191 of 195 people found the following review helpful
on December 17, 2002
I used this as a text in a highschool class on meditation. I chose it after looking at all the translations I could get my hands on (my Chinese, alas! is not yet up to reading the original.) Other translations were sometimes more literal and accurate, and some did a better job of conveying Chuang's brilliant word-play, but the overall impression they left of Chuang was either of a pedant (the older translations) or a sneering, bitter stand-up comic (the newer ones). This is much more deeply untrue to Chuang-Tzu than any passing inaccuracy or missed word-play could ever be.
There is only one way in which Merton is more qualified than Chuang's other interpreters: he, like Chuang, was a serious, long-time contemplative, a person who spent hours a day at meditation and prayer. But this qualification seems to me to have trumped all others. Merton and Chuang were brothers: no matter that they were two millenia and half a world apart. Somewhere right now they are walking together at a river's edge, watching the fish leap.
"I know the joy of fishes
In the river
Through my own joy, as I go walking
Along the same river"
My students, by the way -- rather to my surprise -- loved this book as much as I did.
102 of 104 people found the following review helpful
on May 24, 2001
Anyone who may be coming to Chuang Tzu for the first time is in for a treat. Although Chuang Tzu is sometimes described as the most brilliant of all Chinese philosophers, what we find in him isn't what we normally understand by 'Philosophy' and isn't technical at all.
His appeal is not so much to the intellect as to the imagination, and he chose as a vehicle for his philosophical insights, not tedious and lengthy abstract treatises, but brief and witty anecdotes and dialogues and tales. His humor, sophistication, literary genius, and philosophical insights found their perfect expression in his brilliant fragments, and once having read them you never forget them.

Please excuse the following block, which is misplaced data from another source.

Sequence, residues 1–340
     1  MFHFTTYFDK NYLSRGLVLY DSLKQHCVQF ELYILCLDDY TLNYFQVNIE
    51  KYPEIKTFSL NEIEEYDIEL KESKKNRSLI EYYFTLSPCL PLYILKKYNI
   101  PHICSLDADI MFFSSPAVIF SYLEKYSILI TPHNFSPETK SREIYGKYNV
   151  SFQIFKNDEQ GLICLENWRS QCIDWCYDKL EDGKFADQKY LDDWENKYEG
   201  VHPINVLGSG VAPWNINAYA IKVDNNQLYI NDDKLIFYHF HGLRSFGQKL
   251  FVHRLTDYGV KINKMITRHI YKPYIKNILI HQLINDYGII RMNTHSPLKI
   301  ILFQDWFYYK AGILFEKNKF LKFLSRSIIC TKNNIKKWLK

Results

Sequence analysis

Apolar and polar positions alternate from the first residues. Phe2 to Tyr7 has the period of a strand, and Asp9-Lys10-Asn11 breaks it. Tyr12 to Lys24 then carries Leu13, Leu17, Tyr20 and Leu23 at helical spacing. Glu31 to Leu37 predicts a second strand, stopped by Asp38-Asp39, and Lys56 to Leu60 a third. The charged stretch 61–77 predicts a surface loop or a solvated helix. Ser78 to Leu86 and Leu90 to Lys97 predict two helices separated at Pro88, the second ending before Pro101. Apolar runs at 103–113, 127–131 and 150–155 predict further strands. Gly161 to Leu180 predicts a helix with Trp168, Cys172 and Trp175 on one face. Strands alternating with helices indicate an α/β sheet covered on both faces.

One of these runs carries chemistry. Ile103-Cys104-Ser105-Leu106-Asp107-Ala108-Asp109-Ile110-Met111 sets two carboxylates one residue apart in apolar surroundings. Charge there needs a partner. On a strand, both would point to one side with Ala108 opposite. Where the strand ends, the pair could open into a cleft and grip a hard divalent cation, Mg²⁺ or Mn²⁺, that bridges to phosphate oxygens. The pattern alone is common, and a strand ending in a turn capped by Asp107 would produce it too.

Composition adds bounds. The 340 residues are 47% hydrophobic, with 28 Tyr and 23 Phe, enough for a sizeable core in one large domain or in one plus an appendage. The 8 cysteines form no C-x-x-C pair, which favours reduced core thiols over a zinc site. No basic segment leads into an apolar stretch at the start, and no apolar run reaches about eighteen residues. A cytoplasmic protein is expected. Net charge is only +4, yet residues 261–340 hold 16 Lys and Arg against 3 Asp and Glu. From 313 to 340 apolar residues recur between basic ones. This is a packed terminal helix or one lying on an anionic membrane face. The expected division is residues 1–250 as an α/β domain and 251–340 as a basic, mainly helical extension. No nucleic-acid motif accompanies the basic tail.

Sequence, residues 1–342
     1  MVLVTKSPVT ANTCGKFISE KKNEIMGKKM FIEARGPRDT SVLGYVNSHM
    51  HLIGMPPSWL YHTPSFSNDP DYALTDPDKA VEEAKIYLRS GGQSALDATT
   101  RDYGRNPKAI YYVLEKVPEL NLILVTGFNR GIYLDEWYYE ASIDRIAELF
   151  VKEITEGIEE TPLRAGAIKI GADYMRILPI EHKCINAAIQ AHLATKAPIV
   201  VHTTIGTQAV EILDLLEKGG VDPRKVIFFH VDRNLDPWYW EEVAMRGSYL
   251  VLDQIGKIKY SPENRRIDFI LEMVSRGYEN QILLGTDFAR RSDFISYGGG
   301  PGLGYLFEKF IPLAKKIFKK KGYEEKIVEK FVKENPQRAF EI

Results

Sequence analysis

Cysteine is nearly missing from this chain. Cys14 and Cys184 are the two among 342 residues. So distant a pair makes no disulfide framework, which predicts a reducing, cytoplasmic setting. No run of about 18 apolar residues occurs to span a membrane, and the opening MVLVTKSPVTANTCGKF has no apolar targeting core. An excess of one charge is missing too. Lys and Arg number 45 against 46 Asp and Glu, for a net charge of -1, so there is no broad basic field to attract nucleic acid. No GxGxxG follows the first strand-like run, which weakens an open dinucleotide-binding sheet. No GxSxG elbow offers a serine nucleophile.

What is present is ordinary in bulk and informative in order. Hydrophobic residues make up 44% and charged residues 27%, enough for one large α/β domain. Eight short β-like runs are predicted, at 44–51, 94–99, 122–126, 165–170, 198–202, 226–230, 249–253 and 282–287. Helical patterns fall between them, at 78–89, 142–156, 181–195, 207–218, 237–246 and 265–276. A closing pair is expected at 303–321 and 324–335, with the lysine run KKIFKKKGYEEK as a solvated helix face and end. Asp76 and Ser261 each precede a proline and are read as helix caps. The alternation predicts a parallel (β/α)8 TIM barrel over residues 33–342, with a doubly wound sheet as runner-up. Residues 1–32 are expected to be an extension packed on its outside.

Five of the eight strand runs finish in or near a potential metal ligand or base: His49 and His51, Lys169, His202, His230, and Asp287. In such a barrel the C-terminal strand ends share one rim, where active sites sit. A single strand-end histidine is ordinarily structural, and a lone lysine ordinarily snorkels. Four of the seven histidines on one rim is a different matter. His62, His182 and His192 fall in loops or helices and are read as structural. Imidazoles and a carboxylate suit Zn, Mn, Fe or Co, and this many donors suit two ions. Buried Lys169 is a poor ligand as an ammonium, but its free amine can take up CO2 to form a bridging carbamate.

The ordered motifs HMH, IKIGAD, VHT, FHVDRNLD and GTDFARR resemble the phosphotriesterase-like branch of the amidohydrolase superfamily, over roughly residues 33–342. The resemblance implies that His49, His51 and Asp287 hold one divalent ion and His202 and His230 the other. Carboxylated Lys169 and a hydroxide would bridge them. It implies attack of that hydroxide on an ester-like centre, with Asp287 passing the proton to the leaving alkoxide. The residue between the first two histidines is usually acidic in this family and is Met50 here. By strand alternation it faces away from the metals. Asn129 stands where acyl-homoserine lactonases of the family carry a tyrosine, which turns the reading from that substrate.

Not much is known about Chuang Tzu, other than that he seems to have lived around the time of King Hui of Liang (370-319 B.C.). The received text of his book, which is sometimes referred to as 'the Chuang Tzu' (CT), is made up of thirty-three Chapters. Most scholars seem to feel that the CT is a composite text, and that only the first seven - the Inner Chapters - plus a few bits from the others are Chuang Tzu's own work, the remainder being by his followers.
Among the better known of his translators, all of them excellent, are Arthur Waley, Lin Yutang, and Burton Watson, though only the latter translated the complete text. An abridged version of Watson's complete translation was later made available for those who only want to read the Inner Chapters. All three of these scholars were Sinologists and had direct access to Chuang Tzu's stylistically brilliant though somewhat difficult Chinese.
In contrast to the linguistic expertise of Waley, Lin Yutang, and Watson, Thomas Merton frankly admits to having no Chinese at all. He has, however, soaked himself in all the best translations, and he tells us that his "free interpretive renderings of characteristic passages [were] the result of five years of reading, study, annotation, and meditation." His readings, then, are to be understood, not as direct translations, but as "ventures in personal and spiritual interpretation" (page 9).